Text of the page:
Once Upon a Time in Mexico (2003)

<strong class="MovieTitle">Once Upon a Time in Mexico</strong> (2003)

(In theaters, September 2003) Yes, señor! El Mariachi is back in the biggest instalment of the trilogy. This film may not be a purely operatic as Desperado, but it’s certainly a lot more epic, what with criminals, policemen, soldiers, mercenaries, the FBI, the CIA and the DEA all gunning around during a coup to take control of Mexico on the Day of the Dead. Fans of Robert Rodriguez don’t need to be told why they should rush to see this film. Once again, Mexican/western imagery is married with Hong Kong style to produce an action film that runs on pure atmospheric adrenalin. Antonio Banderas is cooler than ever as the iconic “El”, but Johnny Depp owns the film as an unhinged American agent. (Few other people would be able to get away with such classic lines as “Are you a Mexican or a Mexican’t?”) Salma Hayek makes the best of her limited screen-time (the trailers lie to you), whereas nearly all of the other players (including the sultry Eva Mendes and the wonderfully rough Danny Trejo) also turn in very good performances. Only Willem Defoe looks out of place in a role that doesn’t give him much to do. The rest of the film is all sick black humour and unlikely stunts, with terrific cinematography and quick pacing. It’s not for everyone, obviously, but it’s a lot of fun for those who like that style of film.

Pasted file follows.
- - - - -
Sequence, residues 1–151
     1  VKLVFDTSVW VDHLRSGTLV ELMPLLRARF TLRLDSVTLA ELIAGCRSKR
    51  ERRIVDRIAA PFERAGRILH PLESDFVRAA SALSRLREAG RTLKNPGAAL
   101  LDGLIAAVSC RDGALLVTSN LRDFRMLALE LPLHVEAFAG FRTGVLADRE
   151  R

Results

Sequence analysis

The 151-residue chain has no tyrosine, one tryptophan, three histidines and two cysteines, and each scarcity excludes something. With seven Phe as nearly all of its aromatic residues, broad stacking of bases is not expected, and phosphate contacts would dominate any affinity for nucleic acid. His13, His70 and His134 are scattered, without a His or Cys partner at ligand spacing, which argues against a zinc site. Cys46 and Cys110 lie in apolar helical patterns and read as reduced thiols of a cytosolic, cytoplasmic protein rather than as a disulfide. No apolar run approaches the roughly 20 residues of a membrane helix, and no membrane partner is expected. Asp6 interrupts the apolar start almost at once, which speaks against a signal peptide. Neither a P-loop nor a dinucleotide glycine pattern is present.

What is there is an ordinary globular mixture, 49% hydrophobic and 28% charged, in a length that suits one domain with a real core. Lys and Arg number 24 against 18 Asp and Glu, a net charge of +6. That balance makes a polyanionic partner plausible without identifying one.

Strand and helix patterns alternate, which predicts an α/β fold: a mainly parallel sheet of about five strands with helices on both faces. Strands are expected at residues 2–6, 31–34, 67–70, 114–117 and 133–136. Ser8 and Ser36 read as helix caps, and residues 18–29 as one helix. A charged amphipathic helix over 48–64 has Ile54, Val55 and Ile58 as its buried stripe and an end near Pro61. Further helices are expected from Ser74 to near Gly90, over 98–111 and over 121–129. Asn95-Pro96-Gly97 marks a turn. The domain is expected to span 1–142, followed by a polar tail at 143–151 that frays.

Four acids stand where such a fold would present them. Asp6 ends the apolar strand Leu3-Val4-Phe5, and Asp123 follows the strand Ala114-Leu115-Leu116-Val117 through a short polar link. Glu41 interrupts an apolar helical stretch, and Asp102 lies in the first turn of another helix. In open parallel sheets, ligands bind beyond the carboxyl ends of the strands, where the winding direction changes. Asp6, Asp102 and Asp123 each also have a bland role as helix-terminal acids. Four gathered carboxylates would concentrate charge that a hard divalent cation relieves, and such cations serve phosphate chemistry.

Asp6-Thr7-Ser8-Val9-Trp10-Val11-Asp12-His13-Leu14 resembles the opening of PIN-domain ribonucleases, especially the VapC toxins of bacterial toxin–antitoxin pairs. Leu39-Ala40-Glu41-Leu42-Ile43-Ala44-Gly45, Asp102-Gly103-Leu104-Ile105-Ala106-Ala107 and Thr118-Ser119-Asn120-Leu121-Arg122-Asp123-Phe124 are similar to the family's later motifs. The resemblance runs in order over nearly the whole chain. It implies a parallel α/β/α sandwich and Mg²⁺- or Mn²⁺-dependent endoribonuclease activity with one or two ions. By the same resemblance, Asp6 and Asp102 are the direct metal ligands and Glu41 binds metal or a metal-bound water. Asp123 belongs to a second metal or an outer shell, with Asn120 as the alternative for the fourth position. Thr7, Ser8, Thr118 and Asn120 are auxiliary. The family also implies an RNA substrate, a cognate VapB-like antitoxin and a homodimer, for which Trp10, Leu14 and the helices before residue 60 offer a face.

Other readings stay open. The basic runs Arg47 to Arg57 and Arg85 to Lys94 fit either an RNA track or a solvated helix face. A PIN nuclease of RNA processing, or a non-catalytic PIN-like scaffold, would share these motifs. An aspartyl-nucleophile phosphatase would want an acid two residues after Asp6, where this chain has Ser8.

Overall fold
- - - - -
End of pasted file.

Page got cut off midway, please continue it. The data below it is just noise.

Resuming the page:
(Second viewing, On DVD, March 2004) Robert Rodriguez fans already know that the man can’t make an uninteresting film and that the supplemental material on his “special edition” DVDs are often more interesting than most movies. So it is that the DVD of this third segment in the “El Mariachi” trilogy is jam-packed with fascinating extras and plenty of information on the wonders of digital filmmaking. The film itself is still a lot of fun, in an operatic vein that seems so fresh after countless average action films. But the early 2001 (!)guerilla-style making of the film, using unproven digital technology, proves to be as fascinating as the end results. “Film is dead” is the title of a fascinating featurette included on the DVD, and it’s hard to remain unconvinced after seeing the excellent results. Other featurettes complete the package, along with an excellent audio commentary by the director. Extra fun is included in the form of a hilarious “ten minute cooking school” and an excellent tour through Rodriguez’s Troublemaker Studios, located (where else?) in his refurbished garage. Once again, cinephiles and budding directors will find their money’s worth in this DVD.

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